News Articles

SBC DIGEST: State publications adjust formats, schedules; Mohler elected ETS president

Biblical Recorder to become monthly magazine

By Seth Brown/Biblical Recorder

Beginning in January, the Biblical Recorder’s historic print edition will transition to a monthly magazine. The new format will put additional tools in the hands of our staff to keep you informed and inspired. The move also falls in line with a slate of cost-saving innovations that our staff began implementing last year. All in all, we think it’s the right move at the right time to ensure our staff is serving North Carolina Baptists faithfully and efficiently.

As executive editor, I look for solutions that add value to our organization without swelling our expenses. That strategy is important in any era, but it has been especially relevant during the COVID-19 pandemic. The economic consequences of the virus on advertising revenue and Cooperative Program giving spurred us to act strategically and decisively.

Through the years, many people have suggested that the Recorder consider a magazine format. The higher quality paper and image quality of a magazine will benefit our readers and advertisers. Magazine layout and design also tends to be more dynamic and visually engaging. Our staff is excited about how that will enhance our storytelling abilities.

“A magazine format allows us to expand our creativity in telling the stories of Southern Baptists,” said Liz Tablazon, assistant editor at the Recorder. “We’ll keep sharing the ways God is working through and in His people – in greater depth and on more visually compelling pages.”

The first issue featuring the new magazine style should arrive in mailboxes mid-January. We will debut the new format with an emphasis on a topic close to our hearts: the sanctity of life.

Read the full story here.

Baptist Message changes 2021 print schedule to offset costs

By Baptist Message staff

Starting in January 2021, the Baptist Message will change its annual production run from 24 editions to 14. The new printing schedule is basically a monthly plan, plus two additional editions in October and January to provide coverage of Louisiana Baptist cooperative missions and ministries as well as key organizational events, including the fall annual meeting as well as winter evangelistic meetings.

Yearly subscription rates will remain the same: $14 for an individual subscription and $9.25 for a church group discount.

Will Hall, executive editor of the Baptist Message, said the $14 individual subscription rate went into effect January 1, 2003, and since then has lost about 31 percent of its buying power.

“We need to do something to make up the shortfall that has taken place during that long haul,” he said. “However, the economy in the state and the financial pressure it is placing on our households and our churches, means instead of raising rates for subscribers, we will cut costs, moving from 24 to 14 printed editions each year. Taking this step will reduce our costs an estimated 35-40 percent, which essentially makes up for the loss of buying power incurred during the 17 years the subscription rate has remained the same.”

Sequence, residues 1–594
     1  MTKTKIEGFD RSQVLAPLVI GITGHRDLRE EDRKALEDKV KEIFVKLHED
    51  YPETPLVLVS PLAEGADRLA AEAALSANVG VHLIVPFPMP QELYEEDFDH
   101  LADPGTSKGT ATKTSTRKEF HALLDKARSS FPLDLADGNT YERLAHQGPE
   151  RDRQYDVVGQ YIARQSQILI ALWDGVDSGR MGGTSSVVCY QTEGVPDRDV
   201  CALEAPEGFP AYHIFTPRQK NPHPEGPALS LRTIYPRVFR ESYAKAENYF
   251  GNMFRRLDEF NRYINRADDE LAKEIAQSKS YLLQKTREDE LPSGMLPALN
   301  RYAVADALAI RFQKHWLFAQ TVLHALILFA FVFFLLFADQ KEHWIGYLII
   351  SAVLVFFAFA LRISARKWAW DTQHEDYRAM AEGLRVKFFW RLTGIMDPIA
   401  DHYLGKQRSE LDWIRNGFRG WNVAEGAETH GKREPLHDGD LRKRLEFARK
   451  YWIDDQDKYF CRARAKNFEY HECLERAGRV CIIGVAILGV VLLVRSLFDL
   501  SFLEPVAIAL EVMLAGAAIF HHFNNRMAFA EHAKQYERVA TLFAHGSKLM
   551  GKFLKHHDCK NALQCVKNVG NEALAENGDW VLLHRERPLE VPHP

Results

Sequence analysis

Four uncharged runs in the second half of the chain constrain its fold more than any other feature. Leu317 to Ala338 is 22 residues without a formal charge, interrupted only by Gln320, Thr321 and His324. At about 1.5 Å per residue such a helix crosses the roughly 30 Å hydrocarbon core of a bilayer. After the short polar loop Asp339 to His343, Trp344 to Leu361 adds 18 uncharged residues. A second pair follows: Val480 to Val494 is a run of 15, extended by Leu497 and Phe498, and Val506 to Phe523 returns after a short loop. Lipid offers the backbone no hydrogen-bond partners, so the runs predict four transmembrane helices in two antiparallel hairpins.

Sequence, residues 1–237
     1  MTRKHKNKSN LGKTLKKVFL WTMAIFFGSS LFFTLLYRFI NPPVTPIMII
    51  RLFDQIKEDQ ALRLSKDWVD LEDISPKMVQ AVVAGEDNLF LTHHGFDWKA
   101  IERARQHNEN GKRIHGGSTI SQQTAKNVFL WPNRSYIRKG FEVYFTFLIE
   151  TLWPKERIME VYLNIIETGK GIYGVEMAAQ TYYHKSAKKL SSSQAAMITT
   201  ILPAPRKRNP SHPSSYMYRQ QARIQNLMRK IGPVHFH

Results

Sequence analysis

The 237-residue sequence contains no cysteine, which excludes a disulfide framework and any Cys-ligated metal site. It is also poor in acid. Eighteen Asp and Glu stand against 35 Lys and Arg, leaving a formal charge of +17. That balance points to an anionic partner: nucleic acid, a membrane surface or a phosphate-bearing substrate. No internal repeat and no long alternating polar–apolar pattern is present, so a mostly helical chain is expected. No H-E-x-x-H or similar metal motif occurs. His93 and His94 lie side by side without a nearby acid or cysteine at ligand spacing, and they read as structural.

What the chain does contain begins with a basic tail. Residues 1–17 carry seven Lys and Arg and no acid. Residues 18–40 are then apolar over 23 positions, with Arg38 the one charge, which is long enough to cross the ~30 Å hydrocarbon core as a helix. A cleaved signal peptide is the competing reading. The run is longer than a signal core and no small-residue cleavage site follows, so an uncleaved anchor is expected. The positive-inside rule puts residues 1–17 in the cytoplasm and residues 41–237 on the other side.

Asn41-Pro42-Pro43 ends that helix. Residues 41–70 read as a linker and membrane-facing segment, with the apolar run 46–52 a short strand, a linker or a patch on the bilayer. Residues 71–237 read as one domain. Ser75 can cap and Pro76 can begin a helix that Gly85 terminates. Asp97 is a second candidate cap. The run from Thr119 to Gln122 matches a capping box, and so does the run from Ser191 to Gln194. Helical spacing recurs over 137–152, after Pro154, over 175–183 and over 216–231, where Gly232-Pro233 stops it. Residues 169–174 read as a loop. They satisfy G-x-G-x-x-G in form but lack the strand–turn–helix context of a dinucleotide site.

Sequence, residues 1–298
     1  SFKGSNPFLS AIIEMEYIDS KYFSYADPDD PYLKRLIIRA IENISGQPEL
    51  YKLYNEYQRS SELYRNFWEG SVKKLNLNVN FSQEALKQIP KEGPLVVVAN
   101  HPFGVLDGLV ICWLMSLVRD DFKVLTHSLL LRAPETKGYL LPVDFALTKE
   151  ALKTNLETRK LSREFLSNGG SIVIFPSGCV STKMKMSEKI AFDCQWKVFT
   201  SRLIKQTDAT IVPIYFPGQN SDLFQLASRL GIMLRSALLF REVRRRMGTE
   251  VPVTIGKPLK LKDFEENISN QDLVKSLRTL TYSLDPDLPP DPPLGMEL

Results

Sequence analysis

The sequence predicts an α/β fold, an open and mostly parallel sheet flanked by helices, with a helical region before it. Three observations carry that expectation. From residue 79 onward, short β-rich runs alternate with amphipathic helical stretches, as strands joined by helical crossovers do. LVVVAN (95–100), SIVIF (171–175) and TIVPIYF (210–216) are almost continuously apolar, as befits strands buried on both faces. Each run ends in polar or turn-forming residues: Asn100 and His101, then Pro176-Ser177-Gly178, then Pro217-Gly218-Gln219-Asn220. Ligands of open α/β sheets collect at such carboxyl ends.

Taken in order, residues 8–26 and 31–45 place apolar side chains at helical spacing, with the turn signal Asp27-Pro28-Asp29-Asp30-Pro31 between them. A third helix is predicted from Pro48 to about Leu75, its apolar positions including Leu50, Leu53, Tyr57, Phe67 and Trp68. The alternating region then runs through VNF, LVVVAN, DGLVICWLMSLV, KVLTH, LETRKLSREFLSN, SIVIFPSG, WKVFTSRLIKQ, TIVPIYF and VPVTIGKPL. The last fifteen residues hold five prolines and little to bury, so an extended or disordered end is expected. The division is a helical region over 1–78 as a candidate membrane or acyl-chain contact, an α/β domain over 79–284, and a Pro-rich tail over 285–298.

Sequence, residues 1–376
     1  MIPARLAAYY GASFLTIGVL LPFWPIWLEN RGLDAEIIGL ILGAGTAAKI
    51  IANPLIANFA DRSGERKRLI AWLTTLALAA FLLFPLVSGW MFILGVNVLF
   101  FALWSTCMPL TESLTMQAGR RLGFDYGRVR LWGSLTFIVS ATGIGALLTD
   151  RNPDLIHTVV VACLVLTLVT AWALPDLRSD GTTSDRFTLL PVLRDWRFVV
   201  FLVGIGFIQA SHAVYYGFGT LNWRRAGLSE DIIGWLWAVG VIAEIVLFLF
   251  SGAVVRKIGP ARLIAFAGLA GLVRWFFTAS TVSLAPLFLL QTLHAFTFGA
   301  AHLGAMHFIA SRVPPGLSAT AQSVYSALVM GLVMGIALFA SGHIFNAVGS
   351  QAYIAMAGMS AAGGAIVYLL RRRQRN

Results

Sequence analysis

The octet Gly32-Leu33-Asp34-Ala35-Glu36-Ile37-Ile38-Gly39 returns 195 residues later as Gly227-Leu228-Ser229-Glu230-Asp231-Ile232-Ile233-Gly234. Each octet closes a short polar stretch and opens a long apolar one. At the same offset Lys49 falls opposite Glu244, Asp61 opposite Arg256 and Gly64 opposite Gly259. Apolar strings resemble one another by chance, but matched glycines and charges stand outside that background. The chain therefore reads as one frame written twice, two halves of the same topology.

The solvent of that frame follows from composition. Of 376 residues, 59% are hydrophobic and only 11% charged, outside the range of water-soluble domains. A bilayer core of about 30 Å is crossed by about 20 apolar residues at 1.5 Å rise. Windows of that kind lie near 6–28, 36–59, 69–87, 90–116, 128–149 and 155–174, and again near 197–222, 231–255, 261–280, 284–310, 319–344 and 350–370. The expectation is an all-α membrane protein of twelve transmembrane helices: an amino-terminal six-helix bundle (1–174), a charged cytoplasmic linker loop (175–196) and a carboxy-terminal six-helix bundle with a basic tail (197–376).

Read the full story here.

Mohler elected ETS president

By Jeff Robinson/SBTS

Southern Seminary President Albert Mohler was elected president of the Evangelical Theological Society Thursday (Nov. 19) during the organization’s 72nd annual meeting. Due to the pandemic, the meeting of evangelical scholars met virtually. The meeting was originally scheduled to be in Providence, RI.

Previously, Mohler had served as vice president of ETS, having been elected to that office during the 2018 annual meeting in Denver.

“I am deeply honored to serve as president of the Evangelical Theological Society,” Mohler said. “As a young evangelical, I came to respect and admire this society for its identity as a society of evangelical theologians that would demonstrate the highest quality of theological and biblical scholarship.

“Formed by men of the stature of Carl F. H. Henry and others, this has been the central point of scholarly conversation for evangelicals in the United States for well over half a century. I’ve been pleased to serve as an officer of the society and I’m now very honored to be its president.”

Mohler is the third member of the Southern Seminary faculty to serve as ETS president in the past 11 years. Bruce Ware, T. Rupert and Lucille Coleman Professor of Christian Theology, served in the role in 2009, and Tom Schreiner, James Buchanan Harrison Professor of New Testament, was elected in 2014. Gregg Allison, professor of Christian Theology, is the current secretary of ETS.

Read the full story here.

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